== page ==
The internet is changing traditional spelling patterns of words with silent letters. Simpler versions of commonly misspelt words are becoming acceptable because they appear online so frequently. David Crystal has been exploring these changes looking at the spelling of words like ‘rhubarb’ and he concludes that within the next 50 years the new simpler forms will probably be standard. If you’d like to read more, follow the link:
I decided to carry out some research of my own …
You write yogurt and I write yoghurt
The ‘h’ in yoghurt is also in the process of disappearing. Typing yoghurt into a search engine gives 28,700,000 hits, but typing yogurt produces 154,000,000 hits. This reflects the kind of findings Crystal has reported for ‘rhubarb’.
This may be an indication of a USA-centric online search engine, but a trip to the local supermarket suggests that change is most certainly afoot. A quick scan of the chilled shelves reveals an array of yogurt products. Tesco, Sainsbury, Waitrose, Yeo Valley, Onken, Ski, Rachel’s Dairy, Danone, Alpro, Weightwatchers, Müller. All the products marketed by these companies have no ‘h’ – the only pot with the traditional spelling was the brand Chobani. This American company uses the simplified American version, but adopts the ‘h’ for their UK products.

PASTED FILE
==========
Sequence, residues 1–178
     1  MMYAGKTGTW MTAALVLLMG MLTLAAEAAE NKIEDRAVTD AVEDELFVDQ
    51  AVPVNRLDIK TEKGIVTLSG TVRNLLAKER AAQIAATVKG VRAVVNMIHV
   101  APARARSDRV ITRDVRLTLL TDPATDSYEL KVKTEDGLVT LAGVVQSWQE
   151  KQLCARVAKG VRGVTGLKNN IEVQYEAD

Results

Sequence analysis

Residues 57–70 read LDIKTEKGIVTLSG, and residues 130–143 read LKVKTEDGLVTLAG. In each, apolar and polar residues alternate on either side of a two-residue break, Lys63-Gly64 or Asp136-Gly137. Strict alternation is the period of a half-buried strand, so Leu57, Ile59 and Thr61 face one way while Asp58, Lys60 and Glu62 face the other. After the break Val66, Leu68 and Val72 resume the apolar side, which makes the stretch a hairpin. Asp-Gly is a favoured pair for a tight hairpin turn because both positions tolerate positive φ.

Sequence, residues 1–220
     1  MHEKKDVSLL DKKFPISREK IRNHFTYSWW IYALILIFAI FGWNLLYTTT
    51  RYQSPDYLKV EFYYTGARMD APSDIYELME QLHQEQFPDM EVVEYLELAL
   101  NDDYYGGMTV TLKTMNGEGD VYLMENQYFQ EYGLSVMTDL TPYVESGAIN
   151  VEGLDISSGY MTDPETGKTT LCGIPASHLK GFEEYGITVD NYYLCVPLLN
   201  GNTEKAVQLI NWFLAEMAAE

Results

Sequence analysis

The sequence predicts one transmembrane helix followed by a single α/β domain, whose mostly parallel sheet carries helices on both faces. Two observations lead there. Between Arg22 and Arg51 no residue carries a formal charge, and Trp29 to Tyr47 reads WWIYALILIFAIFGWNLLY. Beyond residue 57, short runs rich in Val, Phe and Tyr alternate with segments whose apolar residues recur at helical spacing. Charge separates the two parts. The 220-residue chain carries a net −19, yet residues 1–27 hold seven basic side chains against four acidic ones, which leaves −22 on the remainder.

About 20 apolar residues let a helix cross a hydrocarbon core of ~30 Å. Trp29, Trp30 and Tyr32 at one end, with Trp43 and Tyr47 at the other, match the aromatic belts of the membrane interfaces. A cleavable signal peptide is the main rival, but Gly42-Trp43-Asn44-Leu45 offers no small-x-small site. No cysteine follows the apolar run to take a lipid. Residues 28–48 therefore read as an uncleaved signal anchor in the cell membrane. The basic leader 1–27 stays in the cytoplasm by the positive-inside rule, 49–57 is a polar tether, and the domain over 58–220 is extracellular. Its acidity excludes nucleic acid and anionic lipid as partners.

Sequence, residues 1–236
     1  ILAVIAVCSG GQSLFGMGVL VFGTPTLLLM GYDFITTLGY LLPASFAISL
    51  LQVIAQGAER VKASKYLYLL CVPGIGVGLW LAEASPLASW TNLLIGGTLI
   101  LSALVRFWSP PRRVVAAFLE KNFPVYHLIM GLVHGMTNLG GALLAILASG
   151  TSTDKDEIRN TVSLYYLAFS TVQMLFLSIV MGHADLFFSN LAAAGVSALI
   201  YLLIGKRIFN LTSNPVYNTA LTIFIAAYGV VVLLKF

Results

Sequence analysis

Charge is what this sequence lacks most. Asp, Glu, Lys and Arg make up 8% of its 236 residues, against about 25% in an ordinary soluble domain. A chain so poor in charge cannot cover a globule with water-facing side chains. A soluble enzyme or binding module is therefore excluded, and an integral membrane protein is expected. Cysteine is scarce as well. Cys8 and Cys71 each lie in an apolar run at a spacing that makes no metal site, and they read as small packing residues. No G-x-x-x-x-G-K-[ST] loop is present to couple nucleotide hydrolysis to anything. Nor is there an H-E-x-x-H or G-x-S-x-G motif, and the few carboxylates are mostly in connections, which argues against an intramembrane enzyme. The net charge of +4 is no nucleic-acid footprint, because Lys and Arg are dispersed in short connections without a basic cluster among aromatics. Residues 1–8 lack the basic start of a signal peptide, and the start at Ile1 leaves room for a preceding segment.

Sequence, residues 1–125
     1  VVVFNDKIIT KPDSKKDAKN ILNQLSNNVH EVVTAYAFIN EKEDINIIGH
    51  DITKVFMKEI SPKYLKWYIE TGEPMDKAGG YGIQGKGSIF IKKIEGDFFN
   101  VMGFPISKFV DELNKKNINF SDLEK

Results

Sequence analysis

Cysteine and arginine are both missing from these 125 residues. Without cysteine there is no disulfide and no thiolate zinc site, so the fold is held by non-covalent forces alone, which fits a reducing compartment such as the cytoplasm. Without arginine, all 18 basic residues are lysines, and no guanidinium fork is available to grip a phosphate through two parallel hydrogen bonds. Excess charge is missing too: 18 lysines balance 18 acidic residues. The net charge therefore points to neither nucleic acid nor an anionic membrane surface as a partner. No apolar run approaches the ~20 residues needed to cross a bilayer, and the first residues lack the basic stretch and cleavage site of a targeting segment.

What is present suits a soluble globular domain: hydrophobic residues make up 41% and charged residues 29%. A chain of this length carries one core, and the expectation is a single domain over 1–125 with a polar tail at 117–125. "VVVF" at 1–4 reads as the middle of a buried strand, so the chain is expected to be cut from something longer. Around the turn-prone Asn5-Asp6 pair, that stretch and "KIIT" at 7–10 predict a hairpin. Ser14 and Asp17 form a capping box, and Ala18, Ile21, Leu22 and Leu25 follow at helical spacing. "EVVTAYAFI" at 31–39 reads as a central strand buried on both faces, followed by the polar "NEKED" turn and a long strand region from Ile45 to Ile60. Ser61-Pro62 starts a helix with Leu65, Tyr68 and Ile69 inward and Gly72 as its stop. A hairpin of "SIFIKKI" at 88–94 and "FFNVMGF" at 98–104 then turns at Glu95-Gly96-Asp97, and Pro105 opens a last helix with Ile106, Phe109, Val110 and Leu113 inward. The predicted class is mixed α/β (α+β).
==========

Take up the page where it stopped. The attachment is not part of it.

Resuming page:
The straightforward relationship between the phonetic and the orthographic probably appeals to marketing departments, but the fact that yogurt is the standard spelling in American English will no doubt play its part in the choices made by global companies.
Perhaps more interesting is the fact that the Tesco aisle marker, the hanging sign which can be seen from a distance, still uses the traditional yoghurt. This is concrete evidence of language change in action. Producers regularly redesign packaging which means it’s easy to reflect linguistic changes as they happen. The signage of a store is a fixture, however, staying the same over a long period, replaced only when it’s time for a re-fit. In this case, the store appears to be heroically flying a flag for a spelling which is no longer considered standard by its suppliers.
So who does still go the extra mile to add the silent ‘h’?
Looking at a sample of the search engine hits, it would seem that the traditional spelling is adopted by traditional institutions, distinctively British companies, or international retail outlets responding specifically to their British markets:
- UK newspapers like the Daily Mail, the Telegraph and The Independent
- Thorntons (“Yoghurt Coated Strawberry Pieces”)
- Brown Cow Organics
- Starbucks UK (“Creamy Natural Yoghurt”)
And then there are those who seem to be mid-change … The BBC ‘Good Food Guide’ uses both forms, as does the UKTV ‘Good Food Channel’.
If we track the orthographic history of yoghurt, we can see that there have always been spellings without the ‘h’. What is new is the fact that until recently these forms have always been in the minority.
1800s yahourt, yaghourt, yogurd, yoghourt, youghort, yughard, yughurt, yohourth
1900s yoghurt, yoghourt
If David Crystal is right, within 50 years, yoghurt will be a thing of the past … We will all still know exactly what we are eating, but the word will have lost its orthographic link with the word borrowed from the Turkish yōghurt in 1625!